Transport of patients from ward to theater was found to be a cause of significant decrease in theater productivity in a few studies [15,16]. We observed no statistically significant difference in the transport times between the two groups. For shifting of patients, we used an “isolated corridor,” where the porters had to clear the whole path of patient transport to avoid cross-infections; a 15-minute telephone warning to the porters and the ward helped to keep the patient and corridor ready. This is similar to a study by Ang et al [17] that has shown that the availability of dedicated porters in the theater can improve transport times.

Delay in sending for the patient was also a significant factor causing decreased theater efficiency in a study by Ang et al [17]; however, due to the “isolated corridor” policy, we had to inform the porters earlier, so they were ready in time to shift the patient; a 15-minute telephone warning was also given to the ward, so that the patient was ready when the porters arrived.

Several studies have found a significant increase in their theater turnaround times (ie, time between cases) during the COVID-19 pandemic [5-7]. In our trauma theater, the patient was intubated and extubated in the OR itself, giving a window of 15 minutes after any aerosol generating procedure, with minimal necessary staffing in the room during that time; the doors were not to be opened in accordance with infection control protocols. The OR and AR underwent a “deep clean” and surfaces were wiped with the viricidal wipes after every case. The trolleys and other instruments that were not necessary were shifted to another room apart from the OR. Despite these additional steps, we observed no statistically significant difference in our time between cases in the two groups. As elective procedures were paused, the staff from elective surgery theaters were used at the trauma theater. This made additional staff available outside the OR to do the cleaning. There was also one extra operating department practitioner in the theater who helped in the arrangement of the trolleys and doing pre-op checks as soon as the next patient arrived, while the current patient was recovered.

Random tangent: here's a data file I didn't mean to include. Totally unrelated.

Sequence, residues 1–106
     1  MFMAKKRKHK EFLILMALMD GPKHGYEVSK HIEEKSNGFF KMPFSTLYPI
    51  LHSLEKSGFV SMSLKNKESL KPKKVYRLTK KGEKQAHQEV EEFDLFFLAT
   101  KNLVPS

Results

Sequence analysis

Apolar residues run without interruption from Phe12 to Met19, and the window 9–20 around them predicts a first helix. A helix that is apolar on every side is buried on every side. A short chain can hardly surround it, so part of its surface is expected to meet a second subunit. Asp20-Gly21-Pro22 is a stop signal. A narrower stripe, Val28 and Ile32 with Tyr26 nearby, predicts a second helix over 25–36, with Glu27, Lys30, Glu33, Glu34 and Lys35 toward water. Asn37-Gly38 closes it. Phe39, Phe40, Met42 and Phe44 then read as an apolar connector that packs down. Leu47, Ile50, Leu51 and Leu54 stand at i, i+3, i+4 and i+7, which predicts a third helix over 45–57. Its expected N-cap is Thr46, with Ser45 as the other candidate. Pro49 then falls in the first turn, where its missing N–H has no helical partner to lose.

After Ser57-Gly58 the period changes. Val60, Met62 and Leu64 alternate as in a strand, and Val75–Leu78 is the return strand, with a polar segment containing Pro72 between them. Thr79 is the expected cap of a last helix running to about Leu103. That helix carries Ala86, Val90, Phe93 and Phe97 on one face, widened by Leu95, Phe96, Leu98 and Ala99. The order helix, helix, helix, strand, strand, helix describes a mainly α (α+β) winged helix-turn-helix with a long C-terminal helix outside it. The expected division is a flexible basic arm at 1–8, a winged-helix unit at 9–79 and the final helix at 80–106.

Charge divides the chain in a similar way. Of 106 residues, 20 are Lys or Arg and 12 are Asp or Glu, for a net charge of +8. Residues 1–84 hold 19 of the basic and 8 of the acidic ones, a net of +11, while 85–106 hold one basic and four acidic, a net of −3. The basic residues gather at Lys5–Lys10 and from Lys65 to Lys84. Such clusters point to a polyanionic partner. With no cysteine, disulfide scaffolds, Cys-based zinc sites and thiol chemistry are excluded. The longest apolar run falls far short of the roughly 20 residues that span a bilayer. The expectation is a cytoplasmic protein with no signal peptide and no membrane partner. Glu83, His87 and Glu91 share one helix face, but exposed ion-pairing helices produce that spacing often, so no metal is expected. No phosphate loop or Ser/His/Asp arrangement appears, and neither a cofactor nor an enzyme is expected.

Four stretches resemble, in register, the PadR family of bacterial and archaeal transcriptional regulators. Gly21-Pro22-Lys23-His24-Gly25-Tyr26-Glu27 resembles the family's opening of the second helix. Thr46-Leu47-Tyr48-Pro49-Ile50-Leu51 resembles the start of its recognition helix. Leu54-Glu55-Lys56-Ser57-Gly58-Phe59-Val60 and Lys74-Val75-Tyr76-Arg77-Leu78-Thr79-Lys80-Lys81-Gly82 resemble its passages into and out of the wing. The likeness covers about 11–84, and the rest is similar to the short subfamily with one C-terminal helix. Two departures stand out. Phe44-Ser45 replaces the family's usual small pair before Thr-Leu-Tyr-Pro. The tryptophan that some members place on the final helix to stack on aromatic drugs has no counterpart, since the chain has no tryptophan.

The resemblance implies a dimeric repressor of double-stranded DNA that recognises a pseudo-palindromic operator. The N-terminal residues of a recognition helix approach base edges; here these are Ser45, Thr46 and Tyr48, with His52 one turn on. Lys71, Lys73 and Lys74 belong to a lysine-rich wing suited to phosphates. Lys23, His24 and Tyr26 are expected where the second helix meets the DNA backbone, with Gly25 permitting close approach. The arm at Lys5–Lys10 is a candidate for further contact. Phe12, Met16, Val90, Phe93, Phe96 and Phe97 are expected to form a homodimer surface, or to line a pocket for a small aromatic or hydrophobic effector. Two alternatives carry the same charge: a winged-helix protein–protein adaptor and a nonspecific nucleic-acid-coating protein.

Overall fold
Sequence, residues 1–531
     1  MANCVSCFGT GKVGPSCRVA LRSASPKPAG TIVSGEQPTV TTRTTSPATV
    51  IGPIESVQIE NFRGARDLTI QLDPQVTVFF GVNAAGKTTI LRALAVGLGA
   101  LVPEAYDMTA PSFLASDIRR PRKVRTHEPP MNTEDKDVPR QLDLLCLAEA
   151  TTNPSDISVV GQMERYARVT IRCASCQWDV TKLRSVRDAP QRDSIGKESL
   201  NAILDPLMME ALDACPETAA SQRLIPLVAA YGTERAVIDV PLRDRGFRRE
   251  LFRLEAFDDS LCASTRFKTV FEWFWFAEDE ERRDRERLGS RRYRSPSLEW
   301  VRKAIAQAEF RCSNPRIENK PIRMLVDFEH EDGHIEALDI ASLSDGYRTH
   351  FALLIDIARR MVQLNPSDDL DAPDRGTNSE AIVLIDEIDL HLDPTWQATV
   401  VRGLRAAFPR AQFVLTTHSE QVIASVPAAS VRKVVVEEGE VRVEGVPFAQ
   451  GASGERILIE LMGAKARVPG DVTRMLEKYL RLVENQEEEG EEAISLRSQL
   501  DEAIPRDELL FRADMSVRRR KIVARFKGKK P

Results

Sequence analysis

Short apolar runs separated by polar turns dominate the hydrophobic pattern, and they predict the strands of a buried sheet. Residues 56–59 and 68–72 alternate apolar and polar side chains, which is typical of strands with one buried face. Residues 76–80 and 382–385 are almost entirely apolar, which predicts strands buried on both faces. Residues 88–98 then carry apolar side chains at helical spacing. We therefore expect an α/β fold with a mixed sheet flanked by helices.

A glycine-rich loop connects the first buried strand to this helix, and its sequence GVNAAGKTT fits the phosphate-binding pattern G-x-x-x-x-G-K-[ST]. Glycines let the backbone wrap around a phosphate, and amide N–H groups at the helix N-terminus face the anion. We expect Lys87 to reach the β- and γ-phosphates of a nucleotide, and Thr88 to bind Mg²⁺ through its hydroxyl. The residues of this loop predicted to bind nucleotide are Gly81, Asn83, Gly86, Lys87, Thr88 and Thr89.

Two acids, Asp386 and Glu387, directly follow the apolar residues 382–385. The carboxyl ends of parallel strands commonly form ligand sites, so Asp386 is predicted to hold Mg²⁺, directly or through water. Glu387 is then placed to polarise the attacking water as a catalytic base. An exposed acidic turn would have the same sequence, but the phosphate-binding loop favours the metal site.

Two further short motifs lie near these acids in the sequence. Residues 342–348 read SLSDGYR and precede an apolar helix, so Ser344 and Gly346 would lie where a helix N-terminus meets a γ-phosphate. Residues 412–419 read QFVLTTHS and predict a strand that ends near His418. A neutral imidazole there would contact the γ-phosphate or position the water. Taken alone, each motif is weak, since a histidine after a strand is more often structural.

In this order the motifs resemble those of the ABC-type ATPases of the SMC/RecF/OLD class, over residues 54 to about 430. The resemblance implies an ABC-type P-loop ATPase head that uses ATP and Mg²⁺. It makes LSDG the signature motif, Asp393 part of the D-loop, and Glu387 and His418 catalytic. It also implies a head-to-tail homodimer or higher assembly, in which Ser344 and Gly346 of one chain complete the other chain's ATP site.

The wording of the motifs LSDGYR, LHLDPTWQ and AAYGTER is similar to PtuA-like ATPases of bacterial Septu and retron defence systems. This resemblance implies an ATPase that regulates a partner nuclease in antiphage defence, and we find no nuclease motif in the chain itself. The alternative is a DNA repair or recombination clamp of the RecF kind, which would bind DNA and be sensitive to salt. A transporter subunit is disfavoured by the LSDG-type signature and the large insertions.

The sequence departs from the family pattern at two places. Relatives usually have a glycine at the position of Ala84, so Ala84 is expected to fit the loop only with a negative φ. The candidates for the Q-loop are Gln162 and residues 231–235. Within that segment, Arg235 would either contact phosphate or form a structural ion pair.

Although the requirement to wear personal protective equipment within the AR or OR can add to the turnaround time and has been found to decrease theater efficiency [18], the staff within our hospital made sure the time for donning and doffing did not delay any proceedings. Preparedness, a dedicated cleaning team, and sending for the next patient as soon as cleaning began, in addition to the improvement in transport arrangements helped to maintain our time between cases. Daniel Fletcher et al [19] have observed that the theater time between cases (ie, turnaround time) can be improved by the introduction of a 15-minute warning to the preoperative rooms, performing the check-in process in the preoperative rooms rather than in the theater, sending for the patient prior to the completion of theater cleaning and finally, a 5-minute warning given to the theater cleaning staff. They have shown a 45% reduction in mean turnaround times with these measures [19].

Our study found no difference in the average anesthetic time and pre-procedure time, similar to the study by Mercer et al [5]. Regional anesthesia techniques and anesthesia delivered by senior doctors (ie, consultants and senior registrars) were thought to decrease anesthetic time [5]. Our observations were similar, with largely the consultants themselves performing the procedures, and trainees redistributed to care for COVID-19 patients in the wards. Preparedness of the team and a preference for regional anesthesia, thus avoiding the 15-minute aerosol generating procedure downtime, also helped to reduce the anesthetic time.

We observed a significant difference in check-out times, as the patient spent more time in the OR during the COVID-19 period. This was due to the patient recovering in the OR and subsequently being transferred to the ward directly from the OR.